September 1649
An Act for discharging Poor Prisoners unable to satisfie their Creditors.

Sponsor

History of Parliament Trust

Publication

Author

C.H. Firth, R.S. Rait (eds)

Year published

1911

Supporting documents

Pages

240-241

Citation Show another format:

'September 1649: An Act for discharging Poor Prisoners unable to satisfie their Creditors.', Acts and Ordinances of the Interregnum, 1642-1660 (1911), pp. 240-241. URL: http://www.british-history.ac.uk/report.aspx?compid=56365 Date accessed: 16 September 2014.


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Contents

September, 1649

[4 September, 1649.]

Prisoners to be discharged, taking this

Be it Enacted by this present Parliament, and by authority thereof, That the Judge or Judges of that Court from whence the Process issued, upon which any person now is imprisoned upon any Process or Execution, where the cause of Action was originally for Debt, upon the request of such party, and taking his or her Oath, which the said Judge or Judges have hereby power and authority to administer;

Oath.

That bona fide he or she is not worth in Possession, Reversion or Remainder of any Estate Real or Personal to the value of Five pounds, besides necessary wearing Apparel, and Bedding for himself, his Wife and Children, and Tools necessary for his Trade or Occupation, not exceeding the value of Five pounds; and hath not directly or indirectly conveyed or intrusted his or her Estate, thereby to expect any Profit, Benefit or Advantage;

That then the Judge or Judges aforesaid, shall and may by Warrant under their hand and seal, summon to appear before them, within Thirty days after personal notice given thereof to the Plaintiff or Plaintiffs, or left at his or their dwelling house or houses, lodging or last abode; And if thereupon the said Plaintiff or Plaintiffs shall not appear, or some other person or persons, for and on his or their behalf, and shew just and lawful excuse for his or their absence, or shall appear, and cannot deny the truth of the said Oath, That then the said Judge or Judges shall discharge the said party of and from his or her Imprisonment, Any Law, Statute, Usage or Custom to the contrary thereof in any wise notwithstanding.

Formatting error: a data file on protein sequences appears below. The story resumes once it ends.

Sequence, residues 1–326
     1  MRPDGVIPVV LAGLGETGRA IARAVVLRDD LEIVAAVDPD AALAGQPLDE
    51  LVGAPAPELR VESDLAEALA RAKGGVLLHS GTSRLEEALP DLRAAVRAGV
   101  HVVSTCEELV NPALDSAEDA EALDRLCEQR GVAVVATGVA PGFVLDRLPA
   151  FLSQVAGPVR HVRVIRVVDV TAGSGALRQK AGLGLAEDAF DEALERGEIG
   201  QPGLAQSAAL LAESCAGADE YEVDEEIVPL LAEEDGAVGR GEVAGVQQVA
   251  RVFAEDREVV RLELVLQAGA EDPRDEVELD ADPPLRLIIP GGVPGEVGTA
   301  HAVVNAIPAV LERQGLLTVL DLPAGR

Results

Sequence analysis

Penalty for false swearing.

Provided always, That if at any time within Seven years after the taking of the said Oath by the said Prisoner as aforesaid, it shall be discovered, that the said Prisoner hath falsly Sworn in taking the said Oath, and shall be thereof lawfully convicted, That then the said Judge or Judges, shall by his or their Warrant, cause the said Prisoner to be again re-imprisoned for the cause of causes for which he or she was formerly imprisoned, be it in Execution or otherwise, as though this Act had never been made; and such Prisoner shall and may be indicted for Perjury, and shall suffer such Pains and Forfeitures as by any Statute or Law may be inflicted upon any person convicted for Perjury.

Judgement and Execution to stand good.

Provided, That notwithstanding the Discharge of the person of such Debtor, all and every former Judgement and Execution had or taken forth against such Debtor, shall be and stand good against the Goods and Chattels of the said Debtor (except before excepted) And that it shall and may be lawful, to and for the Creditor of such Debtors, to take out any new Execution against any other the Lands, Goods and Chattels of such Debtor (except before excepted) for the satisfaction of his said Debt, Any Law, Statute, Ordinance or Usage to the contrary in any wise notwithstanding.

Provided, That this Act, or any thing therein contained, shall not extend to any other person or persons, then such as are now in Prison, nor unto any person or persons now in Prison for any cause or causes, save onely for debt as aforesaid; Nor shall extend to any person or persons, who have been in arms against the Parliament, or have adhered to the Forces raised against the Parliament.